Medieval Universities, Legal Institutions, and the Commercial Revolution
We present new data documenting medieval Europe's "Commercial Revolution'' using information on the establishment of markets in Germany. We use these data to test whether medieval universities played a causal role in expanding economic activity, examining the foundation of Germany's first universities after 1386 following the Papal Schism. We find that the trend rate of market establishment breaks upward in 1386 and that this break is greatest where the distance to a university shrank most. There is no differential pre-1386 trend associated with the reduction in distance to a university, and there is no break in trend in 1386 where university proximity did not change. These results are not affected by excluding cities close to universities or cities belonging to territories that included universities. Universities provided training in newly-rediscovered Roman and Canon law; students with legal training served in positions that reduced the uncertainty of trade in medieval Europe. We argue that training in the law, and the consequent development of legal and administrative institutions, was an important channel linking universities and greater economic activity.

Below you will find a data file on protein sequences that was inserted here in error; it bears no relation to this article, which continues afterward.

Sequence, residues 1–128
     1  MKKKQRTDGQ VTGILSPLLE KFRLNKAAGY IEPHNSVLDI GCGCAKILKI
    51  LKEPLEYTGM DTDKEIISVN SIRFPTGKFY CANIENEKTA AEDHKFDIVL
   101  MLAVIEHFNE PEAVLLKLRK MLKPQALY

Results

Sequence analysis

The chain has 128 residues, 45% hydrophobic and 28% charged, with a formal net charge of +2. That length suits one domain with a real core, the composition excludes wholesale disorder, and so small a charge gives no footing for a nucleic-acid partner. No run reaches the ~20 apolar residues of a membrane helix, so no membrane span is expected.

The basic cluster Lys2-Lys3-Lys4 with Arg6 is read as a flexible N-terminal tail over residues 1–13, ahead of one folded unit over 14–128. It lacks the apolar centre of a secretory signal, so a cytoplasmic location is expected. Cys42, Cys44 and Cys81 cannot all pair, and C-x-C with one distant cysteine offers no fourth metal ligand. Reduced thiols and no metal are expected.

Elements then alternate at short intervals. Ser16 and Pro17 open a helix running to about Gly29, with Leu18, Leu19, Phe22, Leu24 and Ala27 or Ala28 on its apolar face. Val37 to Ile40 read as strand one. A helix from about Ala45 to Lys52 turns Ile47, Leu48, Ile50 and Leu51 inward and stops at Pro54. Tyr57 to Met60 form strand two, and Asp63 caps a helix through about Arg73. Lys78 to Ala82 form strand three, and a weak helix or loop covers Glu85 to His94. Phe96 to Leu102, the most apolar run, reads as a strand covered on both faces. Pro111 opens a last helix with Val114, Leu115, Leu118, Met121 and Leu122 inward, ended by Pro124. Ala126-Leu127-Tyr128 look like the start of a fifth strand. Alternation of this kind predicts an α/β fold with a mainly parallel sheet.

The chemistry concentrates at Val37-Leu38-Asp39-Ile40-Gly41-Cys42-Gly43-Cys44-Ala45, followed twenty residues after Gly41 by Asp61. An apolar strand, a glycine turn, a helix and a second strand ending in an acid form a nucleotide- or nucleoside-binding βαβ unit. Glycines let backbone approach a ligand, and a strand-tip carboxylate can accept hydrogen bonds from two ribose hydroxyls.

Helpful and much appreciated suggestions, critiques and encouragement were provided by Alberto Alesina, Regina Baar-Cantoni, Robert Barro, Claudia Goldin, Avner Greif, Elhanan Helpman, Lawrence Katz, James Robinson, Andrei Shleifer, Holger Spamann, Jan Luiten van Zanden, Jeff Williamson, by participants in the Economic History Association meeting in New Haven, the European Economic Association meeting in Milan, the SITE Summer Workshop 2010 and seminars at Berkeley, Harvard, Hong Kong University of Science and Technology, Oxford, Santa Clara, Universitat Autònoma de Barcelona, and Yale. The views expressed herein are those of the authors and do not necessarily reflect the views of the National Bureau of Economic Research.
“Medieval Universities, Legal Institutions, and the Commercial Revolution,” Quarterly Journal of Economics, 129(2), 823–887. (joint with Davide Cantoni) citation courtesy of